Ha ha, paisano, it’s Burl here! I’d like to review the first fully-formed Martin Scorsese picture, Mean Streets, which I recently watched for the first time in many, many years! Turns out it’s a pretty good picture, even better than I remembered!
Yes, it’s a low-budget movie, and was at one time going to be an exploitation picture for Roger Corman, like Scorsese’s previous movie Boxcar Bertha! Ha ha! But Corman wanted to make the characters black, because that was big at the time, and Scorsese decided that wasn’t in keeping with his vision of the picture, which was meant to be a memoir of his own youth in Little Italy!
It’s a strange movie without much narrative drive – a hangin’ out picture, as some might describe it! It’s set in a section of New York whose inhabitants seem to be perpetually celebrating some saint or another’s feast day! Against this background we meet a quartet of, for lack of a better word, friends, who all seem to operate on the fringes of the mob world we see so much more of in other Scorsese movies!
That was something that surprised me, actually! The rascals in this picture – Harvey Keitel, Robert De Niro and a couple of other fellows – are mostly just peeking in through the venetians at the real mobsters, and engaging in their own extralegal struggles like children playing at imitating the adult world! Keitel’s character is the most mature and likeable of the pals, but he’s plagued by insecurity, indecisiveness and some vague but powerful feelings of guilt! He’s taken on De Niro’s volatile Johnny Boy as a sort of project whereby he can achieve some kind of redemption! But Johnny Boy is a difficult project, since he owes money to just about everybody and seems, in his cavalier refusal to pay any of it back, almost to have a crazy death wish!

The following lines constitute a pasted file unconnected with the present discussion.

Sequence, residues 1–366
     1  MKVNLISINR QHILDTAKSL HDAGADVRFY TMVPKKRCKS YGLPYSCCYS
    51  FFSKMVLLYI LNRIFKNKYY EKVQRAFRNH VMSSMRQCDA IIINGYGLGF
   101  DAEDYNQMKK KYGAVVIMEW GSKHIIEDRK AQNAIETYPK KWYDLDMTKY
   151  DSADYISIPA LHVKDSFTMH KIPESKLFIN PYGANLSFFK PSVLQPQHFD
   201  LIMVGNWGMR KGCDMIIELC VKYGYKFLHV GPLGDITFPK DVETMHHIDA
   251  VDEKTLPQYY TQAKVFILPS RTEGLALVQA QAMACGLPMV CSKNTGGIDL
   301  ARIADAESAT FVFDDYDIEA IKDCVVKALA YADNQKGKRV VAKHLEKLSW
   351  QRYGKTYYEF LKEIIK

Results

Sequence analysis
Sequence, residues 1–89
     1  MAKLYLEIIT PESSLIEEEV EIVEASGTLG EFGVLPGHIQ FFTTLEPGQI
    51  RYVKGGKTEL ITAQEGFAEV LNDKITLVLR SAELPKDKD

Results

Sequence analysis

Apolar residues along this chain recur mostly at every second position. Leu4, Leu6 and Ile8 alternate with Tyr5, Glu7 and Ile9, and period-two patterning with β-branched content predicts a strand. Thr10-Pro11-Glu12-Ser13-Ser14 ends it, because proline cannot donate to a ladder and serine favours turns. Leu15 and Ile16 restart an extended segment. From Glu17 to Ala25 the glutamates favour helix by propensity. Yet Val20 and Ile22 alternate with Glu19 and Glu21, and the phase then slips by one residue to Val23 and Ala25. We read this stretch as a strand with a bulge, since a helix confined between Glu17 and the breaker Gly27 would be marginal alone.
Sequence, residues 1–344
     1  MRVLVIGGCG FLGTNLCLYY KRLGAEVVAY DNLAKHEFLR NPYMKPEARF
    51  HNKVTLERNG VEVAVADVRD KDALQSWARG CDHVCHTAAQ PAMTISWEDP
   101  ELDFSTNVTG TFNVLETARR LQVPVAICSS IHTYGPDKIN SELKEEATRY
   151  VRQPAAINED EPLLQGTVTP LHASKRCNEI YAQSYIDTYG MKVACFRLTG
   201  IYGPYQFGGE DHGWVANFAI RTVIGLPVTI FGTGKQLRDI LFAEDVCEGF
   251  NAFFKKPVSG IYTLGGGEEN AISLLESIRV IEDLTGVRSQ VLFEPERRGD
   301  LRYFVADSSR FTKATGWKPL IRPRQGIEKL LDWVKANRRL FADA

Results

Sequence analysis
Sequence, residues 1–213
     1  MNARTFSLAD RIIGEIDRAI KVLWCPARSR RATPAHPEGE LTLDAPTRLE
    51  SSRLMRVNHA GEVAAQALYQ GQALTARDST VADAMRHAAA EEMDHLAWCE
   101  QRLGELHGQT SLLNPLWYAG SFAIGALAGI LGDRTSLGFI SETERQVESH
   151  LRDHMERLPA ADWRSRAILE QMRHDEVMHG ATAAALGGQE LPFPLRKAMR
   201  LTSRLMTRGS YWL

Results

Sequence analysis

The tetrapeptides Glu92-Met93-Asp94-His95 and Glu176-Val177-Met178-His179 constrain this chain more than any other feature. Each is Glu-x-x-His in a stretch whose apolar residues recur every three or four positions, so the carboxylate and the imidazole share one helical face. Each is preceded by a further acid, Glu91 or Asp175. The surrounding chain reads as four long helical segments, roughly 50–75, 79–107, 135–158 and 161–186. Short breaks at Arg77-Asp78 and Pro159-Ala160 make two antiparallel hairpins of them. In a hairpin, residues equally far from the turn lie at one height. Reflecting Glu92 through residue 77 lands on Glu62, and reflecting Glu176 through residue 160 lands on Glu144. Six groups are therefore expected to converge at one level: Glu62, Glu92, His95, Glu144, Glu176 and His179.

In the meantime, Keitel is having an af*air with the young lady who lives next door, who happens to be De Niro’s cousin and a sufferer of ep*lepsy! He’s got to keep this a secret from everybody, since his Moustache Pete of an uncle disapproves of dating ladies who are, as he puts it, “sick in the head!” Of course it all comes to a violent climax, which is notable for being one of the few gun-violent scenes in the picture! Ha ha, speaking of gun violence, there’s an amusing apropos-de-rien sequence in which a drunken David “Armed Response” Carradine is gunned down by a longhair played by his own brother, Robert “The Pom Pom Girls” Carradine, and for a while simply refuses to die!
It’s an excellent picture, rich and atmospheric, with all the kinetic energy we’d expect from Scorsese! It’s certainly for the best he didn’t do the blaxploitation Corman version, but I do admit I’d like to see how that one would have turned out! Ha ha, for its verve and accomplishment, I give Mean Streets three and a half spraying neck wounds!